Anatoly Lyadov (1855–1914) was condemned with faint praise: ‘Most recollections of this kind, likeable man suggest that he could have achieved so much more if he had not been so idle.’ A case in point was his commission from Diaghilev. He delayed so long in starting Diaghilev’s proposed ballet, The Firebird, that the impresario turned to Igor Stravinsky, thereby giving the younger composer his first step into what would be a phenomenal and influential career.
Using music that he may have originally intended for an unfinished opera, Lyadov, in 1909, created a landscape in The Enchanted Lake, Op. 17. Unlike most Russian orchestral music from this time, there’s no mythical story line but, rather, a kind of ‘musical still life’. Lyadov said of it: ‘How beautiful the lake is, how pure and with stars and mysteries in its depths! But the most important thing is the absence of people with their joys and sorrows; a ‘nature morte’ – cold, evil, yet fantastic, as in a fairy tale’.
From Lyadov’s description above, this isn’t just a lake that is pure and still, reflecting the stars above, but an isolated lake that, without people, is somehow evil. Its chill separates it from humanity and takes it to the realm of the fantastic.
The work begins with just a hum of sound, at a slow tempo, and using an unusual 12/8 metre. This gives it a fluidity that works well with Lyadov’s muted world.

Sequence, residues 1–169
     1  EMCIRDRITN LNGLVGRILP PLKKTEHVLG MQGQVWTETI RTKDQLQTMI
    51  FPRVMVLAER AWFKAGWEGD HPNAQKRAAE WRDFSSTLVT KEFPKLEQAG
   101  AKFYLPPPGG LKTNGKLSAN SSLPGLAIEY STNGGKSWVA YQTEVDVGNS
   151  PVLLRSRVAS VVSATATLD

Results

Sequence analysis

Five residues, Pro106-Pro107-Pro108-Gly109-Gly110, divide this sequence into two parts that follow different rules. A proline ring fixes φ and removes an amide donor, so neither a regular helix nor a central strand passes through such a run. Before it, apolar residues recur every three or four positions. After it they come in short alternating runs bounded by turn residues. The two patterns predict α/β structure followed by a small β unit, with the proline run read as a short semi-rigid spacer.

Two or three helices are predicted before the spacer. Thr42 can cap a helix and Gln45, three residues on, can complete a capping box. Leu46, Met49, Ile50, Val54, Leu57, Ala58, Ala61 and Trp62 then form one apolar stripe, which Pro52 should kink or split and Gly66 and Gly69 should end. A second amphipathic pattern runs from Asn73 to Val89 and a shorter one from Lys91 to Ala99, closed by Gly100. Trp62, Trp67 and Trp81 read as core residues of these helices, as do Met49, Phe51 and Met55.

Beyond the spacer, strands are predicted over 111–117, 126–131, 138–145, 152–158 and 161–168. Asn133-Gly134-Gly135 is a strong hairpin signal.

This is a kind of late Russian impressionism, but, unlike Debussy’s style of impressionism, this one is more atmospheric, more foreboding, and less taking you to other realms. There is a touch of Russian dramatics in the rises and fall of the musical line, but it’s all kept to the subtle side. If we want to add Wagner into the mix, we have his unique addition of climaxes that take you a brief opening in the atmosphere, but we quickly fall back into the cold lake.
Anatoly Lyadov: Volshebnoye ozero (The Enchanted Lake), Op. 62 (BBC National Orchestra of Wales; Thierry Fischer, cond.)
As one commentator said, in this work one feels ‘the change of the colours, the chiaroscuro, the incessantly changeable stillness and seeming immobility’. And it’s that combination of change and immobility that makes this a unique work. How do you imagine the world that Lyadov’s creating with his enchanted lake?
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